This book had been nestling on my shelves, but had been awaiting my full attention. I am glad that I gave it a read. Biographies are always more satisfying, and linger longer in the memory, if the reader comes away with a significantly greater appreciation for the subject than beforehand. This was the case for me with this book about the life of the New Zealand racing driver Bruce McLaren.
The book is based on the recollections of the author, a long-time friend and associate of Bruce, but equally importantly it draws heavily on the driver's own words and writings. There is no in-depth analysis of his character, although indications of his innermost feelings and concerns emerge in the various quotes and reminiscences.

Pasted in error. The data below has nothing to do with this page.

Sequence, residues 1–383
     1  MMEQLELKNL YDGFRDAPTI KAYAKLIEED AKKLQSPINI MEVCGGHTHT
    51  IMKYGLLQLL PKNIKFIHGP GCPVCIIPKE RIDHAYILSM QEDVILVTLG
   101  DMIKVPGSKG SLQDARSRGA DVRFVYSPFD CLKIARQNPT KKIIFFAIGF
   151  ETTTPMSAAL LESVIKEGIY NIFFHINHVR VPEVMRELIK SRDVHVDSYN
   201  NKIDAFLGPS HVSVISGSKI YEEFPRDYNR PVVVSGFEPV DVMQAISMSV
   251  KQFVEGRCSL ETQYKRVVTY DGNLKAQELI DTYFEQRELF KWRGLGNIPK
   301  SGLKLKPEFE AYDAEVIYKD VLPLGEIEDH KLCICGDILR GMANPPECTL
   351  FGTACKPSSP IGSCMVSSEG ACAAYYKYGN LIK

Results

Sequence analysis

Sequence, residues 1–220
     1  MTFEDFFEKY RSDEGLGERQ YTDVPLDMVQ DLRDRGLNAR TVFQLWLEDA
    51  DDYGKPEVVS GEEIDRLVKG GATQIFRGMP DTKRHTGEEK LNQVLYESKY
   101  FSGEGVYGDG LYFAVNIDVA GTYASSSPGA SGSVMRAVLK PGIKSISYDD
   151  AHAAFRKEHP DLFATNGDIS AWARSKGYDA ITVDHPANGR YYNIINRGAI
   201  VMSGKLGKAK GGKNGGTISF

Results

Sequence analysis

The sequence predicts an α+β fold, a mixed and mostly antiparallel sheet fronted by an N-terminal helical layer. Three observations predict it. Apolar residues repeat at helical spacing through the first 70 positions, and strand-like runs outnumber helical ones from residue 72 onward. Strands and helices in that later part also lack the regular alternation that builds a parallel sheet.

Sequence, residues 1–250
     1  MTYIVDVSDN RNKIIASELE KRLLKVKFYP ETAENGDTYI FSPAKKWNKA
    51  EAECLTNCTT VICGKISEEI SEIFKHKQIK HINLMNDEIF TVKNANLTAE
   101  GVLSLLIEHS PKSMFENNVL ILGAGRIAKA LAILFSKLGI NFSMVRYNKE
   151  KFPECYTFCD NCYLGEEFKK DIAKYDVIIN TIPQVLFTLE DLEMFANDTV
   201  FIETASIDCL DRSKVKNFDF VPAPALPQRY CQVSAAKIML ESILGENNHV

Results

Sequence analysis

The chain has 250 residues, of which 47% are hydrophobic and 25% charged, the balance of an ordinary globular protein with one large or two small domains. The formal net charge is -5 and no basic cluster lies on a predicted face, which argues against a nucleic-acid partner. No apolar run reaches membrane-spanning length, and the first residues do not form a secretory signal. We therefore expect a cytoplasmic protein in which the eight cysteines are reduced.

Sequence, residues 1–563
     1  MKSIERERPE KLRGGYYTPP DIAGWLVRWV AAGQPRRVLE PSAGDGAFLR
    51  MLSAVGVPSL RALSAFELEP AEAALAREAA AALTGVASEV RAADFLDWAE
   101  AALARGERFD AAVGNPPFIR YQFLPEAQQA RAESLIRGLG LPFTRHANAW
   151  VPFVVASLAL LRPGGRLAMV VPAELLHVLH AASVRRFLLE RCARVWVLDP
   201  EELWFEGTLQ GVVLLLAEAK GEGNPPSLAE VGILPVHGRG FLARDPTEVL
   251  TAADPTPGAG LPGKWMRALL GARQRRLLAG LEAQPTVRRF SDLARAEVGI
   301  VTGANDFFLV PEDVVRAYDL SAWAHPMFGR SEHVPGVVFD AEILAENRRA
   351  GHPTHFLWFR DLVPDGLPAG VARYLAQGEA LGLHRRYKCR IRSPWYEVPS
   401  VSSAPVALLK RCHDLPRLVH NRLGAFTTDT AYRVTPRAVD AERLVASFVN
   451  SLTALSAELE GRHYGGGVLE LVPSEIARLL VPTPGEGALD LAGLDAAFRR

There is some valuable material about his childhood, and struggles against adversity, and those first steps to immersion in the spheres of engineering and racing. Insight is also gained concerning the burgeoning of his ambitions, once he arrived in Europe.
To me, the middle sections of the book were the most illuminating and enthralling, evoking as they did the atmosphere and flavour of racing in the late Fifties and Sixties. McLaren's laconic and dry humour is a delight. The schedule which the drivers and teams of those days coped with is, looking back, extraordinary, and one gains a sense of the improvisation which was vital, in organisation and logistics. The haphazard, frenetic and breathless state of things seemed also part of the fun and the stimulation.
Overall, McLaren Memories greatly augmented my knowledge and understanding of the man's achievements and abilities. It is not a massively penetrating examination or appraisal of its subject's psyche and motivations, but it is an entertaining and endearing portrait of a popular and successful figure, who had a short but eventful life.